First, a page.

My father’s homecoming only two days after his departure with my mother on a dignitary’s tour of Israel – awarded to him for raising millions of dollars – was not quite a first-class affair.

Instead of returning in luxury, my father came home from Tiberius, on the Sea of Galilee, in a slatted shipping crate haphazardly plastered from top to bottom with “Port of Entry” stickers and official “Customs” stamps. Big block letters that had been exposed to rain during the transporting of cargo had leaked red ink into the cheap, porous wood. The large container had been proclaimed “free of communicable disease.”

But my father’s disease, while not a public health threat, is indeed a contagious and lasting one. Under the microscope the spiral threads of his DNA—the double helix of his verbal brilliance and leader traits—twist into the DNA of his black depression. His illness flows through my bloodlines, and, most importantly, his breakability has blighted my heart.

Nat Chadwick, my father, was a drunk who spent most of his weekday evenings in upscale bars, aided in his quest to be blotto by bartenders, maitre d’s, and his ever-faithful sycophants, barflies, and drunk cronies who benefited from his ferocious wit and drunken over-spending.

In one of the rare candid photos I have of him taken in the 1930s, when he was a labor organizer in the South, he is standing on a rickety porch with both arms draped around two boozy broads. He’s laughing. His man-in-the-moon, wide-faced smile and openness are what I loved most about him. There is a soft heart leaping out of those photos despite the fact that he’s wearing what’s now called a ‘wife-beater’.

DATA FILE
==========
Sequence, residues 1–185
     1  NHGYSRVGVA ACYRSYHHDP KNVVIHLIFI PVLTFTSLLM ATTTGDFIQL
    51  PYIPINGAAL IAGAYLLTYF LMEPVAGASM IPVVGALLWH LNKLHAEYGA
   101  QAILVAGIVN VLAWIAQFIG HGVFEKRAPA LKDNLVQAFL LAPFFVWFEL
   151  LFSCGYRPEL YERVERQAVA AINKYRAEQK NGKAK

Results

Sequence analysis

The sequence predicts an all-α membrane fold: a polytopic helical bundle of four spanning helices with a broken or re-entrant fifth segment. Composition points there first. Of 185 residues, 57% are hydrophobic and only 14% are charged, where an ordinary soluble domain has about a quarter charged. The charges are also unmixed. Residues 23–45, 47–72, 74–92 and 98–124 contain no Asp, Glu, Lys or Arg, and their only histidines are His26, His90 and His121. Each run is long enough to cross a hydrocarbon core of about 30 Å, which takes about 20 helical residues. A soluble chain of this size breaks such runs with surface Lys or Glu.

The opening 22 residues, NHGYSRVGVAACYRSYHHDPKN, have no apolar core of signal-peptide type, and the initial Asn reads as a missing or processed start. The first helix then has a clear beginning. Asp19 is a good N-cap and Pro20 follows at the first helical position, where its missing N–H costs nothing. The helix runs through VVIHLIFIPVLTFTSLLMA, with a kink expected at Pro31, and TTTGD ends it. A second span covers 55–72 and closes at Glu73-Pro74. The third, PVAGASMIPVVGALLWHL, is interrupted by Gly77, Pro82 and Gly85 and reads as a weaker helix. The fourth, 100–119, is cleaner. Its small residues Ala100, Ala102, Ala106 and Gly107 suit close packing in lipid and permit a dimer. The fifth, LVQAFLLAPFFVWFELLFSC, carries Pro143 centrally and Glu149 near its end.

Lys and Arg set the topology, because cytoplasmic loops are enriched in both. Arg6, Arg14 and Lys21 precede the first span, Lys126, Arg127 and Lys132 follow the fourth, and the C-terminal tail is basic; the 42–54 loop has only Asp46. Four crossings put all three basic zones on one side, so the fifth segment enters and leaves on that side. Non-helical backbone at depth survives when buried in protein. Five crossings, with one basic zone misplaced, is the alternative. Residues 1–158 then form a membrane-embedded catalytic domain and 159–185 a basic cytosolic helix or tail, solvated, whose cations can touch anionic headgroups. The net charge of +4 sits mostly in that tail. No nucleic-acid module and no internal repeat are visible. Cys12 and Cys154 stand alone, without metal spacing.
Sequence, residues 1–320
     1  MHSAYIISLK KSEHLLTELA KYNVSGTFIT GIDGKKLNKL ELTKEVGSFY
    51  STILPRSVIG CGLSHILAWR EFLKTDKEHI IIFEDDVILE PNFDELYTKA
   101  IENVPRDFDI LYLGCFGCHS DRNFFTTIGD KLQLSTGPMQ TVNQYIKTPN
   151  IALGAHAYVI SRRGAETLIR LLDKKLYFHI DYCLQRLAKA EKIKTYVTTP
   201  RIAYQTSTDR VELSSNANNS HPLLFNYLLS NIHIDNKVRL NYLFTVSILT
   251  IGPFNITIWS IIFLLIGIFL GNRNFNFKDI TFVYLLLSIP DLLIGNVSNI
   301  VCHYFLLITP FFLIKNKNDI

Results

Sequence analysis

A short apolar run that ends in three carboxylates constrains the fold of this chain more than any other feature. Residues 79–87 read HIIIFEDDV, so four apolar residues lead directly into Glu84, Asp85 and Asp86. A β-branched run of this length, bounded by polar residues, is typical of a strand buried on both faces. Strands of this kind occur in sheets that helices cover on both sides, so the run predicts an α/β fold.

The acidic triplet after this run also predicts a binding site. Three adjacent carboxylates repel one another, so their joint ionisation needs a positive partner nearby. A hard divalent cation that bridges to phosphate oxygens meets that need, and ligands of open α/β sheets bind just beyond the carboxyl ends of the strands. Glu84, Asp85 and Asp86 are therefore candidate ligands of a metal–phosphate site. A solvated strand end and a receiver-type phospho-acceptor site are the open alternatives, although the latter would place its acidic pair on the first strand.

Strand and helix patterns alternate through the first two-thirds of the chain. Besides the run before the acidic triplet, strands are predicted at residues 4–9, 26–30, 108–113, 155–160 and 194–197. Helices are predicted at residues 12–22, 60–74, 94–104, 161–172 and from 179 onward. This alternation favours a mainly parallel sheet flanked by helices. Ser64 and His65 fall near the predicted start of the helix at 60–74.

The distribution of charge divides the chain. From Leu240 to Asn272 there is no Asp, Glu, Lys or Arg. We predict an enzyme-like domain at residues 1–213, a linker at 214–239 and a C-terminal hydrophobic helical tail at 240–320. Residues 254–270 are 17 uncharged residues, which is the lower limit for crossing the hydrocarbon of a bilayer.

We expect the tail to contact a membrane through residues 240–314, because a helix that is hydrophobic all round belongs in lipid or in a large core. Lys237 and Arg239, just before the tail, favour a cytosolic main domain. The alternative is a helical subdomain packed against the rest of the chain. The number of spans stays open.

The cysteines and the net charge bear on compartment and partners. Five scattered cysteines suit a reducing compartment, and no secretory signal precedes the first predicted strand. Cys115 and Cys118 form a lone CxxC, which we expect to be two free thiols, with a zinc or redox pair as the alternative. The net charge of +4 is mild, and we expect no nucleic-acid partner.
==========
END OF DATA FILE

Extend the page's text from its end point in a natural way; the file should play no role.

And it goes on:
For all of my father’s rough and gruff posturing, I never saw him do a mean thing to anyone. Though he came home drunk every night, I swooned when he sang “Melancholy Baby” off-key and wobbling. I was madly in love. Unfortunately, he ended many of his performances with a fast exit for a barfing trip to the bathroom.

During the day, Daddy presided over one of the most powerful trade unions in the country: International Brotherhood of Electrical Worker’s Union, Local 3 as well as chairing the Buildings and Construction Council of Greater New York. At the time of his death, he was on the short list for the cabinet post of secretary of labor. JFK had phoned a month before the assassination and told Daddy to get his drinking under control before the hearings. That was a tall order. Daddy needed alcohol to be comfortable.

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Ina Chadwick’s work has appeared in many places, including The Paris Review, The Antioch Review and The New York Times. She has more than 500 bylines and launched her internet career as regular columnist on careers for both AOL and CNBC.con.
She holds several first place awards in editing from the New England Press Association, along with first place awards for writing and design in newspapers, and has been a grant recipient for both poetry and literary magazine editing. In 1973 she co-founded a now defunct literary magazine that was hailed as “lively and energetic,” by the Library Journal.
From 1983 to 1995 she managed chaotic small and large corporate suburban newsrooms, scary news departments and slick 300 page trade magazines in Fairfield County Ct and Westchester County NY. She has been lauded by the Web Marketer’s Association for creative direction and copywriting for legal websites, proving that one can earn a really good living if they can explain, in writing, complex business principles.
Her 30 year career includes executive board positions for Women in Management, Adviser for the Women’s Campaign School at Yale and the Board of Directors Westport Arts Center.
She now conducts a statewide writing contest under the Writer’s Artists Collaborative @ Westport Arts Center in Westport, CT where she lives. In 2009, she moved to onstage programming, beginning a series of storytelling events in Fairfield County, under the moniker MouseMuse, with a program called “Awake After Dark (but home early enough in the suburbs)”.

To contact Ina go to: Mouse Muse Productions

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